MHG1769 - Broch, Hoy Pool
No summary available.
Type and Period (1)
- BROCH (Iron Age - 550 BC to 560 AD)
- None recorded
Hoy Pool broch is striking, if only because the grass-covered mound survives to over 5m in height, despite the fact that it lies in the centre of a farmyard. The broch lies in the bottom of a fertile strath, close to a ford across the Thurso water. Although it is low-lying, it has extensive views up and down the strath.
When a description of this broch was written in 1911, a human skeleton was protruding from the broch. Earlier, in the nineteenth century, the finding of more bones, along with ‘diamonds and other precious stones’, was noted. There is also a local tradition that anyone trying to remove the broch would suffer misfortune.
Armit, I., 1997. Celtic Scotland. Edinburgh: Batsford.
RCAHMS. 1911. Caithness. Edinburgh: HMSO, 120, No. 435.
Information from SCRAN Project, March, 2000
'Broch', Farm of Hoy. Dimensions: 25 x 24m. Grass-covered mound 5.5m high, quarried round almost the entire circumference, set within the courtyard of a modern mains farm. A retaining wall has been built on it's E side to protect the adjoining barn from tumble.
R J Mercer, NMRS MS/828/19, 1995
As described. Visited by OS (NKB) 15 2 1982
This broch now appears as a large, grass-covered stony mound, 5.4m high and 24m diameter, in which an outer wall face, 1.8m high and 2m in length, is visible on NE side where it joins on to a modern retaining wall. Further portions of broch walling have been exposed on SW slopes.
Resurveyed at 1:2500. Visited by OS (NKB) 11 11 1965.
The close proximity of farmhouse has necessitated the demolition of the broch on one side, and elsewhere the facing stones have been in a large measure removed. The diameter of the remaining mound is about 45ft and its elevation 13-14ft. The wall has been 15ft thick. In 1910, remains of a human skeleton protruded from S edge of top of mound. It had been laid extended from E-W.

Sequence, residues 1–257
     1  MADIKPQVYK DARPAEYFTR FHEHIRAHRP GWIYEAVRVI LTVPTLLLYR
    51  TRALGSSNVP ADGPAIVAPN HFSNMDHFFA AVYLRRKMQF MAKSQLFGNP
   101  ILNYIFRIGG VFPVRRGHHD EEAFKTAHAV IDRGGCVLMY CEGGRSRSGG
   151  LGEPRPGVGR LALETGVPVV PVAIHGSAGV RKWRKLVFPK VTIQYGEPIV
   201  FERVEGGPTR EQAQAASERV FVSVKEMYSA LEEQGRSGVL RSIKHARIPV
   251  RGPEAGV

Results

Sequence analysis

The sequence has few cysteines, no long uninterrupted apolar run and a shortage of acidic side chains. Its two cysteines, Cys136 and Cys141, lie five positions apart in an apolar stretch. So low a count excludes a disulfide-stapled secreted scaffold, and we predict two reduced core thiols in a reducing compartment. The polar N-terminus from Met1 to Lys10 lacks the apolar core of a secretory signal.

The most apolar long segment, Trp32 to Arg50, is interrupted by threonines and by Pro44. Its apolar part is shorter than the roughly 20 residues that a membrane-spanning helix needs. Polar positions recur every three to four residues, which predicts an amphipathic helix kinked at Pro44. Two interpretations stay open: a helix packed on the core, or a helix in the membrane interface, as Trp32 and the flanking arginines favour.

ONB (1871) notes that, about 1816, 'some human bones, and ornaments comprising diamonds and other precious stones were excavated from the mound, as well as some horns and bones of beasts'.
Name Book 1871; RCAHMS 1911.
ND16SW 6 1416 6062.
Broch (NR) OS 6" map, Caithness, 2nd ed., (1907)
ND16 5 HOY ND/1416 6062
Probable broch in Thurso, Caith-ness, consisting of a grass-covered mound 5m high close to a farmhouse; one side of the mound has been demolished for material for the farm buildings . A section of the wall was exposed in 1910 and was 4.58m (15ft) thick . Fragments of the outer face are still visible . The site exhibits the 'mound on mound' structure in three levels .
Sources: 1. NMRS site no. ND 16 SW 6: 2. RCAHMS 1911b, 120, no. 435: 3. Swanson (ms) 1985, 643-44 and plan. <1>
- --- SHG2664 Text/Report: RCAHMS. 1911. The Royal Commission on the Ancient and Historical Monuments and Constructions of Scotland. Third report and inventory of monuments and constructions in the county of Caithness. . 120, No. 435.
- --- SHG3341 Text/Publication/Volume: Name Book (County). Object Name Books of the Ordnance Survey. Book No. 11, 215.
- --- SHG3766 Image/Photograph(s)/Aerial Photograph: B/W Negative. .
- --- SHG3767 Image/Photograph(s)/Aerial Photograph: B/W Negative. .
- <1> SHG26111 Text/Publication/Monograph: Mackie, E.. 2007. The Roundhouses, Brochs and Wheelhouses of Atlantic Scotland c.700 BC - AD 500: Architecture and material culture Part 2 (I & II) The Northern and Southern Mainland and the Western Islands. BAR British Series. 444. Paperback. ND16 5 HOY.
|Grid reference||Centred ND 1415 6062 (70m by 70m) (Buffered by site type)|
Related Monuments/Buildings (1)
Related Investigations/Events (0)
External Links (1)
- https://canmore.org.uk/site/8547 (View RCAHMS Canmore entry for this site)
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